Senior Couple Exercising In The Park

Breathing to the Emotions: Living a Life of Vitality & Longevity

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I’m sure you’ve heard the term “take a deep breath” in relation to anger, nerves, excitement, whatever emotion have you. Chances are, you’ve even used it at some point in time yourself. However the phrase be manipulated, the expression holds great truth in it’s words. Aside from the known fact that it is a basic need for survival, the actual act of “taking a breath” proves to be effective to our overall health and emotional well-being. Standing especially significant to Seniors, practicing proper breathing techniques could add years to one’s life.

Self Regulating for Cognitive Health

In relation to emotions, the ability to self regulate is being able to respond to a feeling in a manner that is socially acceptable, while also maintaining one’s self worth and value. Depending on the cognitive state of mind, how your feeling will greatly impact the physical and physiological response let off by the emotional chemical reactors. Breathing is our body’s way of self regulating in efforts to live a life of longevity, vitality and happiness.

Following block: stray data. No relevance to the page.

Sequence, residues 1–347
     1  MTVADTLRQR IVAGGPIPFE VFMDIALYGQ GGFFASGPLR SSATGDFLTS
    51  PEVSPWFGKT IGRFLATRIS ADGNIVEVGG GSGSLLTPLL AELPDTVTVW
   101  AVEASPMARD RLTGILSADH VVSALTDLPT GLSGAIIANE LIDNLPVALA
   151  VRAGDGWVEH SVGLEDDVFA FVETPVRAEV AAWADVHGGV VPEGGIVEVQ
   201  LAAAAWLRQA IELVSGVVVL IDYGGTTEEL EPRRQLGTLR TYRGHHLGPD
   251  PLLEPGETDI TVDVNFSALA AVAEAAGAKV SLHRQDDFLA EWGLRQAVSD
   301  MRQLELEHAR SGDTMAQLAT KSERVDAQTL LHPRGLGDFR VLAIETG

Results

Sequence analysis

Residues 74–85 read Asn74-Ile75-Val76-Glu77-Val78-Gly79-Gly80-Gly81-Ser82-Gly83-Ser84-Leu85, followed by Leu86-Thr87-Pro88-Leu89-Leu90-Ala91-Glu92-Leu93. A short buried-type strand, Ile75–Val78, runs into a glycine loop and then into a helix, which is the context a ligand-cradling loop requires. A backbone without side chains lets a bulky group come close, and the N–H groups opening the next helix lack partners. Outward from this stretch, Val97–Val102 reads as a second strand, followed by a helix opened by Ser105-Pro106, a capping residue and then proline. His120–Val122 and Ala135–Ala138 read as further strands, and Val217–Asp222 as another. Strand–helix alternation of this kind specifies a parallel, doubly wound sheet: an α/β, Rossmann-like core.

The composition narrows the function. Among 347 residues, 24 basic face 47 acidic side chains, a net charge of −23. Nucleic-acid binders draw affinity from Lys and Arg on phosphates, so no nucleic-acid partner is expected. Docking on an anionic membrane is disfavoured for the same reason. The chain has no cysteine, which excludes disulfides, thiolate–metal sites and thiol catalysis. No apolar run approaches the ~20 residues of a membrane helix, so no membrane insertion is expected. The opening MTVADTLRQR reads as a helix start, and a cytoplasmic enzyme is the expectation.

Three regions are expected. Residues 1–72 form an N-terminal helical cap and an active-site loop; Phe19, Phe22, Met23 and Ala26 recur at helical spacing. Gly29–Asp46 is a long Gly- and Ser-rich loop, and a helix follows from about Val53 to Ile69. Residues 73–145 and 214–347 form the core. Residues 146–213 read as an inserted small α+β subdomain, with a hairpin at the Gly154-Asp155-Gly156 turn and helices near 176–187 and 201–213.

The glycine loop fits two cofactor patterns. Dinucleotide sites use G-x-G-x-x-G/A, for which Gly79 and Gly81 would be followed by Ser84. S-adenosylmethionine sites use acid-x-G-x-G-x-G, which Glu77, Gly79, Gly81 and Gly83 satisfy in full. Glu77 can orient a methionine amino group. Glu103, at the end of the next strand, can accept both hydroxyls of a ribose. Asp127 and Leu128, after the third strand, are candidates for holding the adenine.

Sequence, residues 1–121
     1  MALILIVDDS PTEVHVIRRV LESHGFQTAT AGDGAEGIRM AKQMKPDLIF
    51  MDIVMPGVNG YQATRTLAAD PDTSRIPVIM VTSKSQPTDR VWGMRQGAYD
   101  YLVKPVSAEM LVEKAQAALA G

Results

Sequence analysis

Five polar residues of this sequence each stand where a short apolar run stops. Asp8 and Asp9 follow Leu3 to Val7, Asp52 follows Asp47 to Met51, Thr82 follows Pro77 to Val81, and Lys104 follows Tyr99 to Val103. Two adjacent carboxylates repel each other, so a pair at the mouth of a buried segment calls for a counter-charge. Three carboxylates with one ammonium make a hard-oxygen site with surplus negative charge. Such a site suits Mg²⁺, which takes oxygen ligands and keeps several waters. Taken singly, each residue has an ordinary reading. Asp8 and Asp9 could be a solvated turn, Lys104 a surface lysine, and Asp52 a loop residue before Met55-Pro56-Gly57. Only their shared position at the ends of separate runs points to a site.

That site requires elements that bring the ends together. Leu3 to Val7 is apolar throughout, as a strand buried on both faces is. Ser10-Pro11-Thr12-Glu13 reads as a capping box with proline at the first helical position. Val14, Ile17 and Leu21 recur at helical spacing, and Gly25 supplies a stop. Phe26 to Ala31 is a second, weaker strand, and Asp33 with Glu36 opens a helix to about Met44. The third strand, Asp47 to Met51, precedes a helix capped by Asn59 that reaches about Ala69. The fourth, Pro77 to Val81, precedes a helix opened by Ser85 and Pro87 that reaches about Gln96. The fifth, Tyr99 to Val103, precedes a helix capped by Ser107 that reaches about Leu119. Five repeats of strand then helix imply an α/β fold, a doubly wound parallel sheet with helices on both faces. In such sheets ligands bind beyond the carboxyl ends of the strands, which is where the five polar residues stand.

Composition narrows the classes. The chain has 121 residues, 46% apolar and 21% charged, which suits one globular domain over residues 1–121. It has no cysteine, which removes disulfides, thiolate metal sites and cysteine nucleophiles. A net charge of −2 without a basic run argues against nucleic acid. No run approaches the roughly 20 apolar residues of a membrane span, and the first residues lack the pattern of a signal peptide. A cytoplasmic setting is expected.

Mild Cognitive Impairment in Seniors

With the rate of dementia steadily increasing, study from the Alzheimer’s Association provides that up to 20% of seniors over the age of 65 could be suffering from Mild Cognitive Impairment. Although young adults and seniors have homogeneous brain structures, because of the cognitive decline related to aging, self-regulation of emotions becomes increasingly more difficult the older you get. Starting the practice of breathing exercises, even in the later years of life, can greatly impact cognitive functioning and emotional well being.

Lung Capacity and Aging

According to the American Lung Association, by the age of 25, your lungs have reached maximum capacity with the ability to hold up to 6 liters of air. By 35 years of age, lung functioning already begins to decline. In addition to healthy and efficient working lungs, the American Lung Association encourages breathing exercises to stimulate a positive response to mood and mental relaxation, both effective to the response let off by chemical reactors.

The Wheel of Emotion

Robert Plutchik, late Professor of Albert Einstein College of Medicine, developed the psycho-evolutionary theory on emotion, “Emotion: a Psychoevolutionary Synthesis.” His theory was classified as the most influential proposition to general understanding of emotions and why they occur. In his theory, plutchik explained how there are 8 primary emotions: Fear, Anger, Sadness, Joy, Disgust, Trust, Anticipation and Surprise. Next to each primary emotions are two secondary emotions. As a comparable diagram to our color wheel, Plutchik created the wheel of emotion. Any other emotions outside of this wheel are considered derivative states.